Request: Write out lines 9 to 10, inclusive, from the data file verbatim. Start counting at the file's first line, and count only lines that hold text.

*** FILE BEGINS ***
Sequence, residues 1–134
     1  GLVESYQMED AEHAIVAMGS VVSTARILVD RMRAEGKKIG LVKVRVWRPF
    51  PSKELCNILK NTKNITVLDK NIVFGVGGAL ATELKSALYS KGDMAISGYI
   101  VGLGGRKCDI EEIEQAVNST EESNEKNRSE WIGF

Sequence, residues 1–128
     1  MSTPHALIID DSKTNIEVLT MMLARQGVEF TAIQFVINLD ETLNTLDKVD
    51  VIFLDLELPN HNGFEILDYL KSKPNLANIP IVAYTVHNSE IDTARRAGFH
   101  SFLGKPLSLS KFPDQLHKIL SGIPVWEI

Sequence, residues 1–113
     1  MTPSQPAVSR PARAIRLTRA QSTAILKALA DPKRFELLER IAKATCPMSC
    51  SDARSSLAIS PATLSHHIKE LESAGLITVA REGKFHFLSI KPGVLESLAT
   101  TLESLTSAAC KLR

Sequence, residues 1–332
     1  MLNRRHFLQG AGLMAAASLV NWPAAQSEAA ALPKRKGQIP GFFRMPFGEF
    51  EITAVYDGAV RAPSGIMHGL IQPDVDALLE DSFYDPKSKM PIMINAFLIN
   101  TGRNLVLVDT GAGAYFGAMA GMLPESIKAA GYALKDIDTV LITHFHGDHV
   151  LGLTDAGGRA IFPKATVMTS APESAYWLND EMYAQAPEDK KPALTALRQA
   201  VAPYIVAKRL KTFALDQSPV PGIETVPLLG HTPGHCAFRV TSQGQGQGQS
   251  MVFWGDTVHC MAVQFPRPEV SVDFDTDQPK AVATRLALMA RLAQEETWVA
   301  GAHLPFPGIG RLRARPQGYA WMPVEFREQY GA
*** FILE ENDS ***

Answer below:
Sequence, residues 1–113
     1  MTPSQPAVSR PARAIRLTRA QSTAILKALA DPKRFELLER IAKATCPMSC